How to Avoid Coronavirus-Related Scams Amid Plans of Government Payout to U.S. Citizens

United States lawmakers are working on a $1 trillion stimulus package to provide relief to Americans across the country who have been adversely affected by the novel coronavirus pandemic.

Included in the package is a measure that would send checks to Americans, though the amount of money and who would receive the checks have yet to be decided.

A Reddit thread created by user EricPro21 and posted in Reddit's LPT (Life Pro Tips) channel received a lot of attention, as it warned Americans of the possibility that scammers may use the news of this governmental measure as an opportunity to rip-off private records from unsuspecting Americans--such as social security numbers and bank account information.

"Since there are reports that the United States Government will possibly be sending money by check or direct deposit to American citizens 'shortly,' the [Federal Trade Commission] has made a list of three important tips to keep in mind," the thread stated.

The Reddit thread listed the three points posted Wednesday by Jennifer Leach, the associate director of the division of consumer and business education for the FTC, in the agency website's blog:

"1. The government will not ask you to pay anything up front to get this money. No fees. No charges. No nothing.

2. The government will not call to ask for your Social Security number, bank account, or credit card number. Anyone who does is a scammer.

3. These reports of checks aren't yet a reality. Anyone who tells you they can get you the money now is a scammer."

Leach also stated that while the FTC would normally wait for what the government measure would actually look like before posting something like this, "these aren't normal times."

"We predict that the scammers are gearing up to take advantage of this. So, remember: no matter what this payment winds up being, only scammers will ask you to pay to get it. If you spot one of these scams, please tell the Federal Trade Commission:," Leach wrote.

Colleen Tressler, a consumer education specialist for the FTC, posted more examples of scams to the agency's website Thursday that have been popping up, as scammers try to take advantage of the pandemic to steal from Americans. Among these new scams are fake charities, fake emails and text messages, robocalls, and general misinformation and rumor.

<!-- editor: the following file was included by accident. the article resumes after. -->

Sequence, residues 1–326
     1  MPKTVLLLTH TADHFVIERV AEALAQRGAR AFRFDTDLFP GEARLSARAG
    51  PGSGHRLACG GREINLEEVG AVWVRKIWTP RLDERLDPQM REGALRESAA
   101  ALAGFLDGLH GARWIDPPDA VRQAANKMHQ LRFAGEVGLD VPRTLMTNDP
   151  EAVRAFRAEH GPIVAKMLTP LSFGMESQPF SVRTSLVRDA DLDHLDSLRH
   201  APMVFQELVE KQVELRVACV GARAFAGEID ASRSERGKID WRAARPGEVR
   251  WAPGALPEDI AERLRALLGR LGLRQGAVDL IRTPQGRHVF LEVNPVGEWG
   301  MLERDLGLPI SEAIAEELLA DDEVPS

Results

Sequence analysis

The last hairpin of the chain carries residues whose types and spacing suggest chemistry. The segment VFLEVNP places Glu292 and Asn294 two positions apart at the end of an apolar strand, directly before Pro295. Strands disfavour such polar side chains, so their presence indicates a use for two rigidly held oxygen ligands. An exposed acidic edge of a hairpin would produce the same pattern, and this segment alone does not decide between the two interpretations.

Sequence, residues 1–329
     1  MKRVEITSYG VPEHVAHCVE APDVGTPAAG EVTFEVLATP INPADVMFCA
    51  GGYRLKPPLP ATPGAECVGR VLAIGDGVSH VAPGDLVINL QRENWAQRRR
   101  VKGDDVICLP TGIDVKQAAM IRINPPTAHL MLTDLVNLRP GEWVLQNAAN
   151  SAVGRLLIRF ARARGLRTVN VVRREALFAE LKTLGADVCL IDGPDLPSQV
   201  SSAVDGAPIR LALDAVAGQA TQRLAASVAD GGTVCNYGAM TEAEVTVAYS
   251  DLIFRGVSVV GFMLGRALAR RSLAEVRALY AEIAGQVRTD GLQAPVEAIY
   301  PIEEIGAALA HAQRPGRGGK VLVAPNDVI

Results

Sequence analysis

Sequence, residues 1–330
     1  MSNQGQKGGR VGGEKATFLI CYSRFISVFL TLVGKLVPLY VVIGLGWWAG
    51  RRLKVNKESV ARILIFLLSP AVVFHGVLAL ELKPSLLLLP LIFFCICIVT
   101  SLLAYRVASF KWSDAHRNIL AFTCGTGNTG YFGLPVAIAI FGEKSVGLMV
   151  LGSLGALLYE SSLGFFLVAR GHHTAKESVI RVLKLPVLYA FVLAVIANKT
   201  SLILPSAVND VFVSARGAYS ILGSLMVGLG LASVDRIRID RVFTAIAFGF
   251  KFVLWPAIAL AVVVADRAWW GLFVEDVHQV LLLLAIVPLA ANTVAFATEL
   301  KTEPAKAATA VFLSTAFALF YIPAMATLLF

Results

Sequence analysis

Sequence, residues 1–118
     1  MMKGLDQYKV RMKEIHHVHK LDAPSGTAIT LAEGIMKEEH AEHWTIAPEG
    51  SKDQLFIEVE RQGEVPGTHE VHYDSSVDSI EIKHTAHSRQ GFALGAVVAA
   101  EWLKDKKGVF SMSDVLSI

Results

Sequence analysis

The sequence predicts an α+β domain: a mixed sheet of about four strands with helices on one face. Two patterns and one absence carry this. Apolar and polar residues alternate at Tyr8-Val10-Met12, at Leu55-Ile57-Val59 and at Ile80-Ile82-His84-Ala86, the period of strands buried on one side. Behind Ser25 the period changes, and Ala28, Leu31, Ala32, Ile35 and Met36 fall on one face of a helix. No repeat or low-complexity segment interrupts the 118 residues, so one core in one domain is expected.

One type of scam, Tressler wrote, comes in the form of "undelivered goods" where "online sellers claim they have in-demand products, like cleaning, household, and health and medical supplies."

To avoid falling victim to this scam, Tressler recommends consumers "check out the seller by searching online for the person or company's name, phone number and email address, plus words like 'review,' 'complaint' or 'scam.' If everything checks out, pay by credit card and keep a record of your transaction."

Nicole M. Drayton, the public affairs specialist and social media manager at the FTC, told Newsweek in an email that the FTC has been posting information warning consumers about coronavirus-related scams since early February.

"This includes blog posts and a press release announcing seven joint warning letters issued with the FDA to sellers of deceptively marketed coronavirus 'treatment' and 'cures.' ...The FTC says it will not hesitate to send additional letters and/or bring enforcement actions to protect consumers from deceptively marketed products such as these," Drayton stated in the email.

"Consumers should know that at this time, there is no known product that can treat or cure the virus...It's also very important consumers continue to file complaints with the FTC if they feel they have seen or been defrauded by a coronavirus-related scam. This is one of the best ways we can not only get information about potential scams out there, but where they are being seen geographically. Consumers who feel they have been defrauded by a coronavirus-related scam should file a complaint with the FTC online, providing as much information about the scam as possible."

Government-related scams are not uncommon in the U.S. Since 2014, there have been over 1.3 million reports of government impostor scams that have led to over $450 million in losses to victims, according to the FTC. Americans should also be wary of fake check scams, where scammers send people fake checks and ask victims to cash them and send the money back to the scammers. The FTC received reports of 27,000 fake check scams in 2019 alone, which led to over $28 million in losses.

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